PUR – 800m standouts Vasquez and Sanchez lead Puerto Rico’s Olympic hopes

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Photo: Getty Images

There is no minimum size required to be a powerhouse, and when it comes to running the 800m at the highest level, Puerto Rico is near the top of the list.

The small island in the Caribbean holds nearly three million inhabitants and among them are three of the fastest 800m men in the world who, after a tough year, are locked, loaded – and qualified – for the Tokyo 2021 Olympic Games.

Vazquez leading the current generation

Photo: Getty Images

During the past 20 years, six different Puerto Ricans have run under 1:47 for the 800m. Wesley Vazquez, currently ranked fifth (26 Jan) in the world, is the epicentre of a strong core of Puerto Rican 800m runners that includes youngster Ryan Sanchez and University of Florida graduate Andres Arroyo, all of whom have dominated the Caribbean and Pan American scene in the event for the past three years.

Vazquez entered 2020 thinking that things could only improve after his magnificent breakthrough season in 2019 with the help of his long-time coach Carlos Guzman. The 26-year-old native of Orocovis established three personal bests, made his first World Championship final (where he finished fifth), and qualified for his third Olympic Games all in the same season before the pandemic hit and put everything in perspective for the whole world.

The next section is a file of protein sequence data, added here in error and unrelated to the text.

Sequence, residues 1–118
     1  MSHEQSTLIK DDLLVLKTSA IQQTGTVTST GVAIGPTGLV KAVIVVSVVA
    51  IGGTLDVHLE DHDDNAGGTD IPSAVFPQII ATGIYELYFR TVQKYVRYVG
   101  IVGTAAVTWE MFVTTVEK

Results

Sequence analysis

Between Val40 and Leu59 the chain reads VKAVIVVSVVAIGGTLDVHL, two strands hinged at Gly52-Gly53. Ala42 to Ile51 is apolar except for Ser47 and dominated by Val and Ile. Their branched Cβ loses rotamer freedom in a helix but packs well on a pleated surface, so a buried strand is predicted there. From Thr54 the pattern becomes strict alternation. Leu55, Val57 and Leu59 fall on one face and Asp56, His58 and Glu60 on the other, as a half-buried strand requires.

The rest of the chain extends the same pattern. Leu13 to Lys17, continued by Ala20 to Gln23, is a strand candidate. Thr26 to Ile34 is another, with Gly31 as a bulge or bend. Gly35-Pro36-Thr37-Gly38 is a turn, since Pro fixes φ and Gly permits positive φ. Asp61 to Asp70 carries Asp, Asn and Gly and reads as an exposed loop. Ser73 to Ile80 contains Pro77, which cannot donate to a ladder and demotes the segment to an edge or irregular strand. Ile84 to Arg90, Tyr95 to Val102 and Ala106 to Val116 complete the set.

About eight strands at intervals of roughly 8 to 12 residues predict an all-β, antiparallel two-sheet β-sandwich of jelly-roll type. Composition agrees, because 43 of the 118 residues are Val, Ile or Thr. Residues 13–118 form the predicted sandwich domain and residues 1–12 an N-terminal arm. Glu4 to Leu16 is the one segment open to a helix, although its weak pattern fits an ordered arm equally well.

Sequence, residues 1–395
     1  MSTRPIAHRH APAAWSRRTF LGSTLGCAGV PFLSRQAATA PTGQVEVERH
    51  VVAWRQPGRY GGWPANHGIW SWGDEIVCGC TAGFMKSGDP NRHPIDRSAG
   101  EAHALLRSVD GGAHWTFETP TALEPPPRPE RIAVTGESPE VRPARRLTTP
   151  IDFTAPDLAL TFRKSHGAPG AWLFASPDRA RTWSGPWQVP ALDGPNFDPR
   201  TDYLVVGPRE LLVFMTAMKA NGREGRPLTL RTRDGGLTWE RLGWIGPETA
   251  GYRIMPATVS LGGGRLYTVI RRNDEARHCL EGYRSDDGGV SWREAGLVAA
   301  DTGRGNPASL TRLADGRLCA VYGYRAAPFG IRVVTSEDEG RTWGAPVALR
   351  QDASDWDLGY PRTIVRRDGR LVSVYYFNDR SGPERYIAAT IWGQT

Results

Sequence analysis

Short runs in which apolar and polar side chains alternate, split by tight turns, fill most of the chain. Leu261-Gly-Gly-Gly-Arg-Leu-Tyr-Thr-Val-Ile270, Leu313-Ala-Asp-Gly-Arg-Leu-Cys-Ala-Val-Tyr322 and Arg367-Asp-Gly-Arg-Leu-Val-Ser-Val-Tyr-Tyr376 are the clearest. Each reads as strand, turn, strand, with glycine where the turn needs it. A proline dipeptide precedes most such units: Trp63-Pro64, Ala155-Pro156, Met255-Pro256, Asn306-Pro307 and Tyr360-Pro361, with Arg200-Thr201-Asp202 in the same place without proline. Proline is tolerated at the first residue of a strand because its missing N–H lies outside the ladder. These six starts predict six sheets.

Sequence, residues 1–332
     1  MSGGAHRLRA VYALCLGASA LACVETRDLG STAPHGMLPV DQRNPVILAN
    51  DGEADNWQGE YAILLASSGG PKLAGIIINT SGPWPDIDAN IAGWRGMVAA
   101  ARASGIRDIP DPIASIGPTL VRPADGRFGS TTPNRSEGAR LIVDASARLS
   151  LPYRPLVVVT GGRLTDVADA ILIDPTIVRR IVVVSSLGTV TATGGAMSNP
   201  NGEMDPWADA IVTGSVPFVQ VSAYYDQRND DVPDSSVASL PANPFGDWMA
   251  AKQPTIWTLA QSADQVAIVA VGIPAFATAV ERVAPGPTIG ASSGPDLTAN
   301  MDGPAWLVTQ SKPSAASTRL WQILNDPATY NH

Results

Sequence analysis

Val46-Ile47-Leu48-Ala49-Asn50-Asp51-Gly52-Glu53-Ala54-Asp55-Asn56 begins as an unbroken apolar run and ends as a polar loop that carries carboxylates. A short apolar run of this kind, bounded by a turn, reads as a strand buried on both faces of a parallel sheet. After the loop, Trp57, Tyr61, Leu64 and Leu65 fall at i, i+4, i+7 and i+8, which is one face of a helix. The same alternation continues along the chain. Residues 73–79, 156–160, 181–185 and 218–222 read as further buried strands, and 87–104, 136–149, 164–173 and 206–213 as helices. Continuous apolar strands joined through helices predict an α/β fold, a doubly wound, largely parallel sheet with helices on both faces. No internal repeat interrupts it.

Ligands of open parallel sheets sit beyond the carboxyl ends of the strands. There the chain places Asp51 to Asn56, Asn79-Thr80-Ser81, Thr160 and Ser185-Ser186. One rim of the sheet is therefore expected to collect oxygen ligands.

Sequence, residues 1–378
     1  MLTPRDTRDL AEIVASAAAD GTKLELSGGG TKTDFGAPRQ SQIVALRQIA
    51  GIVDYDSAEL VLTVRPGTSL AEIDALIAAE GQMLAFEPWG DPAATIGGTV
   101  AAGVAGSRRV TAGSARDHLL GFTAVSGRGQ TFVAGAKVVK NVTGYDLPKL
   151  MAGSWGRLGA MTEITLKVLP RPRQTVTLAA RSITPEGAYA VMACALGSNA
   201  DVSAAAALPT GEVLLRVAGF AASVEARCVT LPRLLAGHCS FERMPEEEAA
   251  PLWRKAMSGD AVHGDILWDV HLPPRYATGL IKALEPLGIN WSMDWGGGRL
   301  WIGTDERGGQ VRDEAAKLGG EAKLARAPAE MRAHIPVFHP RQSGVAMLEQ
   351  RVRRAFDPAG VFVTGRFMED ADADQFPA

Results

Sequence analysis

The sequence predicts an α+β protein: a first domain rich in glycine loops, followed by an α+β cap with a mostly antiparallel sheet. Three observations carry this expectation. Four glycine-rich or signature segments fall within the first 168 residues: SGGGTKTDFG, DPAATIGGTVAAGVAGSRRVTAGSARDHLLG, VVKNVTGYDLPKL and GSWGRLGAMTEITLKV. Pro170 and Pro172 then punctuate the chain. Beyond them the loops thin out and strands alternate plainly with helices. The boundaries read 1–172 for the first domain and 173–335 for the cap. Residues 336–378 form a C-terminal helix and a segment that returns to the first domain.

Sanchez – ‘This year I want to explode’

Photo: Getty Images

On the other side of the coin for Puerto Rico is Ryan Sanchez, 22, a Caribbean and Pan-American Games medallist whose style it is to run hard from the gun regardless of the field or setting. Sanchez, who like Vazquez made his rise by annihilating the competition at the local collegiate league Liga Atletica Interuniveristaria [LAI] as a teenager, made the tough call to cancel his entire 2020 season in a move that surprised many observers.

“The decision was mainly to protect my health and my life,” said Sanchez, who produced his 1:44.82 lifetime best in 2019. “COVID was and still is a major threat. Why expose yourself unnecessarily in a year where the Olympics were already postponed? Sometimes when you are under a constant load you are prone to injuries. I think that was the second reason. Why not better protect yourself in a dead year? I preferred to prioritise the Olympics. That is my commitment to my country. Tokyo was the priority.”

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SOURCE: World Athletics

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